The National Grain and Feed Association estimated earlier this year that Chinese rejection of U.S. shipments also lowered domestic corn prices by 11 cents per bushel, leading to a projected loss of $1.14 billion for the last nine months of the marketing year that ended on August 31, 2014.
Rather than waiting for China to approve Viptera corn, the lawsuits said, Syngenta “pushed its product on farmers” to enhance its profit margins, and is still doing so with plans to keep selling Viptera and Duracade, a similar product that was introduced and grown for the first time in 2014 and that also does not have China’s approval.
In its statement, Syngenta noted that the genetic trait in Viptera was approved by U.S. agencies in 2010, commercialized “in full compliance with regulatory and legal requirements,” and approved for import in several major corn importing countries.
“Farmers can have confidence in planting this innovative technology,” the company stated on its website, because hybrids containing the Agrisure Viptera trait have been sold and planted in multiple countries. Japan and Mexico have been the top two importers of U.S. corn in recent years.
Doug Albin, who grows corn and soybeans near Clarkfield in western Minnesota, said he has not purchased or grown Viptera corn, but he is troubled by the lawsuits.
“I’m always concerned about what my customer wants,” Albin said. “But on the flip side we can’t allow foreign governments to dictate our technology and how we grow food in the United States.”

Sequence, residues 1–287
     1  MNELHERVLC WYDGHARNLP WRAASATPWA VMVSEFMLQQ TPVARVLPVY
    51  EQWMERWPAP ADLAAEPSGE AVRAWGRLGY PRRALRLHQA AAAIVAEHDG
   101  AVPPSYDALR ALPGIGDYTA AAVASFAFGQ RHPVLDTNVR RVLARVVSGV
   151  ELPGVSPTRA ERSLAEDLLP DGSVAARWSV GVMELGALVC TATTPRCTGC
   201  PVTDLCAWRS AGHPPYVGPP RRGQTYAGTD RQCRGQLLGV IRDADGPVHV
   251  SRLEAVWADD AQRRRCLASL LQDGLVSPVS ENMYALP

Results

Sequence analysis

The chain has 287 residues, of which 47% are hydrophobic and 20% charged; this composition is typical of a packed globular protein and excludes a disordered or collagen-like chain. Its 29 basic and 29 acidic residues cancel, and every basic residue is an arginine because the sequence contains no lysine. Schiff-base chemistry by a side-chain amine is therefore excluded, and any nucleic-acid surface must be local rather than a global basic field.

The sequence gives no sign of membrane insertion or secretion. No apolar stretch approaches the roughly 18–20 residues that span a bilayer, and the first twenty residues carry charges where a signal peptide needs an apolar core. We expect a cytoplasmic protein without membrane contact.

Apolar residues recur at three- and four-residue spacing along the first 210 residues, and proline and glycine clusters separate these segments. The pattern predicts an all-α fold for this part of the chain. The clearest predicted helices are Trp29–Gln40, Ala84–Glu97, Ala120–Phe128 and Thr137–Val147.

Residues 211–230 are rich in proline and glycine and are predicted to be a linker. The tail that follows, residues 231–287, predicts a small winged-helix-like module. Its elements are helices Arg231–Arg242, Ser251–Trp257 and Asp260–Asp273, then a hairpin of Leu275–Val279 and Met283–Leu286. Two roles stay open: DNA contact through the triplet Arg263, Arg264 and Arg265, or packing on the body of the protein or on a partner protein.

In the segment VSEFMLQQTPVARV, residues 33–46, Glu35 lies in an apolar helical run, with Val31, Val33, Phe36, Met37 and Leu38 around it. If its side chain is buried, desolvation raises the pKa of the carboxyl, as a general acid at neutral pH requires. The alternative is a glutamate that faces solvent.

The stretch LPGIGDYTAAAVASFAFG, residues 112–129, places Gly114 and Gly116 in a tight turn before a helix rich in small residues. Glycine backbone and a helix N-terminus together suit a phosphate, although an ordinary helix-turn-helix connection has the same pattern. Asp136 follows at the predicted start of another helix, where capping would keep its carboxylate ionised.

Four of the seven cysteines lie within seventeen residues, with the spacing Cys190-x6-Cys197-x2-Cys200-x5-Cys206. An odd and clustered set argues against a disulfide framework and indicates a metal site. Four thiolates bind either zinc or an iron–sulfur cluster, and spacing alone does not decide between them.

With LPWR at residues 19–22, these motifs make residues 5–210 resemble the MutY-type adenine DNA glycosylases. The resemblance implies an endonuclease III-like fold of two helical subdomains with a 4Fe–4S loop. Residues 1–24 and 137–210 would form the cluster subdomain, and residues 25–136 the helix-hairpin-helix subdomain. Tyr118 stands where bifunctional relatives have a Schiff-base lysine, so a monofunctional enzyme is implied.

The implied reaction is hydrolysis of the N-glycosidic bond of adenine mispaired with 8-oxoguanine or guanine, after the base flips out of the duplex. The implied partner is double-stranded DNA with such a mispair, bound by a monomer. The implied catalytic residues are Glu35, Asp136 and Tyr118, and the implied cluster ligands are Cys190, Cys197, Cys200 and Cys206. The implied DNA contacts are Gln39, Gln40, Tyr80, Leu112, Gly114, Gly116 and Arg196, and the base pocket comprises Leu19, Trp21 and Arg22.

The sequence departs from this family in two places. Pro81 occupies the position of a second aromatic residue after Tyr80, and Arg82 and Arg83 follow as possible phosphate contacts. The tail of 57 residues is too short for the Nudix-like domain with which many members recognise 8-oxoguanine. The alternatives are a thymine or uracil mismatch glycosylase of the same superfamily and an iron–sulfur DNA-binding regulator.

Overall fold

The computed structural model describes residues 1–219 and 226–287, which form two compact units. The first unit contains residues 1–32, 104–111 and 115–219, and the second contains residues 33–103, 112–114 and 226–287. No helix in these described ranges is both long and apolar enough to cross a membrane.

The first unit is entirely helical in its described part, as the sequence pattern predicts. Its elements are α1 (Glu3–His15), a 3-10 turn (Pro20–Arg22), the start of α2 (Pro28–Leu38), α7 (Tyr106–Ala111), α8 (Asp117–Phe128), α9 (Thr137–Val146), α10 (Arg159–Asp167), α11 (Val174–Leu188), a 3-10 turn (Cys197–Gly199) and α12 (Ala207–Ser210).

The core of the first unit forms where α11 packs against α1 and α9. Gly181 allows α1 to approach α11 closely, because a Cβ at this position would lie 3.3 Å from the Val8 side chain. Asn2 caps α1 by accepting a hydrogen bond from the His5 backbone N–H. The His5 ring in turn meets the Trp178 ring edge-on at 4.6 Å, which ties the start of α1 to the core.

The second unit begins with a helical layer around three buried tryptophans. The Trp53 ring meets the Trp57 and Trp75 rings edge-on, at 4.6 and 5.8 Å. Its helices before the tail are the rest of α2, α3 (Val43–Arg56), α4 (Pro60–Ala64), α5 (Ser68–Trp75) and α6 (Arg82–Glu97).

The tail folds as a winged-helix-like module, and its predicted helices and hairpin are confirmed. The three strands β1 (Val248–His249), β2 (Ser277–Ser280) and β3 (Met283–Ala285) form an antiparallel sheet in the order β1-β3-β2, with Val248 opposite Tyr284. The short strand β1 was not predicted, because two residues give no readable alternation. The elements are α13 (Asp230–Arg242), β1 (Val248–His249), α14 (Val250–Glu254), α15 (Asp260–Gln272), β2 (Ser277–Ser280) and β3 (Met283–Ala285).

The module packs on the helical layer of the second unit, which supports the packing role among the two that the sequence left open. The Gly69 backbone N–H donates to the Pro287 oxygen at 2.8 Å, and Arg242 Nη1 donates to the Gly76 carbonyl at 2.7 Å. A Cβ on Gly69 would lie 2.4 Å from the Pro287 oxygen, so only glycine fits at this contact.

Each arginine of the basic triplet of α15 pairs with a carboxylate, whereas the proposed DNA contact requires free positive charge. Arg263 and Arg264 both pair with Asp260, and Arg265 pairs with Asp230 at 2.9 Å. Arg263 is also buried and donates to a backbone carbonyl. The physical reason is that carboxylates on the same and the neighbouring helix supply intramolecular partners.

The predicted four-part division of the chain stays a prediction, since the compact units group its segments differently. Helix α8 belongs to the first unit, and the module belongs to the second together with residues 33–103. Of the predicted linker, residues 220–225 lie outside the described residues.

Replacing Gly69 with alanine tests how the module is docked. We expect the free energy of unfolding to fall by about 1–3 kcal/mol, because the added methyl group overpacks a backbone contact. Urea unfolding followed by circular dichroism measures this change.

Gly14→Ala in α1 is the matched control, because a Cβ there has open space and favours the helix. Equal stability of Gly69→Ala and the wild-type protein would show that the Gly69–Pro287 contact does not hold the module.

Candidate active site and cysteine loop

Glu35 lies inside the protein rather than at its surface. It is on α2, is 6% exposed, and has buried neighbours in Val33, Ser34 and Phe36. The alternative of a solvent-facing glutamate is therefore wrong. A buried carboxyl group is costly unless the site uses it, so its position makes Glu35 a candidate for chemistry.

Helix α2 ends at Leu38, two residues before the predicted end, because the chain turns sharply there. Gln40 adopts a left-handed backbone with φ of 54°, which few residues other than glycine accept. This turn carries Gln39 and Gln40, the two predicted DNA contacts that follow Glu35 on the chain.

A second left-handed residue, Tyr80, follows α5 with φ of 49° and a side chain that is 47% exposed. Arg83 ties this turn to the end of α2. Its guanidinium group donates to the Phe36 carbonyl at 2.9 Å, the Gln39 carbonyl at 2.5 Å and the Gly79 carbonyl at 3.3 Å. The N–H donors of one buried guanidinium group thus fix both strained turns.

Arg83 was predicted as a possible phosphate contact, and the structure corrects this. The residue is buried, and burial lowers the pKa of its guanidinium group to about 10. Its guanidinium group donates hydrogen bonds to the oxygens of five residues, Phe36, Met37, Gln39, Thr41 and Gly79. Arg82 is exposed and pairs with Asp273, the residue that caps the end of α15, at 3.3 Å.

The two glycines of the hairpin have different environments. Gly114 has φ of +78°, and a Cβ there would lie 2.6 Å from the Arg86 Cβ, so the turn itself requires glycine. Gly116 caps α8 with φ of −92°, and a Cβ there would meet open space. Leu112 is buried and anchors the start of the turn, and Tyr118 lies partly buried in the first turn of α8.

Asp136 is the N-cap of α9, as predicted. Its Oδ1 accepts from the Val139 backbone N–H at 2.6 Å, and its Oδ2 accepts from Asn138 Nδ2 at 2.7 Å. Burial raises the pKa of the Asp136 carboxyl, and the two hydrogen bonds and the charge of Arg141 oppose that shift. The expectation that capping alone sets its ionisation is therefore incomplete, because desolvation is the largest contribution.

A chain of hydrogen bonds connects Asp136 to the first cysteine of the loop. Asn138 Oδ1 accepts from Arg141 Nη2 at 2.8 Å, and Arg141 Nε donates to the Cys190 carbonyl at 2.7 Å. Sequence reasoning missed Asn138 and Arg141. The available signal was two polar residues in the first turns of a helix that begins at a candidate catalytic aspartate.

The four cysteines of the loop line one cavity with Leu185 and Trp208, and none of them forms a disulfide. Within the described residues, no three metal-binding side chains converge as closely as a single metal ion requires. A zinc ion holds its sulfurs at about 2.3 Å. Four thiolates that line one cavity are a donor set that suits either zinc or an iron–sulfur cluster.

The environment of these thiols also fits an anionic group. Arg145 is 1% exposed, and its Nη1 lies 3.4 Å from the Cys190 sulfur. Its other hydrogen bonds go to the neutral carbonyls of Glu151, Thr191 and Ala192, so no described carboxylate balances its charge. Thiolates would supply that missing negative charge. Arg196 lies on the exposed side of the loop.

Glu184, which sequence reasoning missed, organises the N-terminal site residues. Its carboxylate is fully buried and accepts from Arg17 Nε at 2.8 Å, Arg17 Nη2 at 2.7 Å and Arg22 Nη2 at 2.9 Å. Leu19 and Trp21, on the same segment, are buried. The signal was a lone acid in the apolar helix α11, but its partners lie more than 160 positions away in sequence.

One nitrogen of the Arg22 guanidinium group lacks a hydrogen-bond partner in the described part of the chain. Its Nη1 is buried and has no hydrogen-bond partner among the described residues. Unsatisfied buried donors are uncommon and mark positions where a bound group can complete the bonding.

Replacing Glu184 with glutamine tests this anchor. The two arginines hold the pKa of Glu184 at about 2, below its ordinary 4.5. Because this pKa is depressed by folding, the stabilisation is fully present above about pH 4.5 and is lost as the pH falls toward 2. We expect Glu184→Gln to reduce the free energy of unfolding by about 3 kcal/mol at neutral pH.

He called the situation a “dilemma,” with all sides hiring attorneys. “Everybody’s looking for someone to blame,” Albin said.
China is not against genetically modified crops, and in recent weeks has been promoting them in a media campaign, according to reports. China allows some GMO seeds to be cultivated, and has imported millions of tons of GMO soybeans in the past decade. China’s interest in importing corn is more recent, and it purchased an estimated 5 million tons of foreign corn in 2012-2013, up from 47,000 tons in 2008, according to the USDA.
Michael Swanson, agricultural economist for Wells Fargo, said he’s skeptical about China’s zero-tolerance policy for Viptera corn. “It seems unusual given all the food safety issues that are occurring in China to believe that they have a better regulatory framework than we do,” he said.
Swanson said that in the past decade, China has made a habit of raising concerns about U.S. shipments at just the times when prices were changing significantly.
“Typically it was when the market had peaked in price and was starting to come down, which allowed them to repurchase those same products much cheaper after the issue had been resolved,” he said.
Besides corn, he said, China had issues with U.S. cotton that fit the same pattern.
“It always works out to their advantage,” he said. “It’s never the case where they have to end up paying more after they’ve made a decision.”
In the latest case, U.S. corn futures had soared to $8 a bushel in the summer of 2013, but had dropped almost 50 percent by the end of the year. Swanson said it’s impossible to prove that China was using concerns about Viptera as a ploy to exit contracts for pricey corn, but it could be interpreted that way.
“I call it the Wal-Mart effect,” he said. “When someone becomes that big a part of your sales base, they have enormous leverage over you.”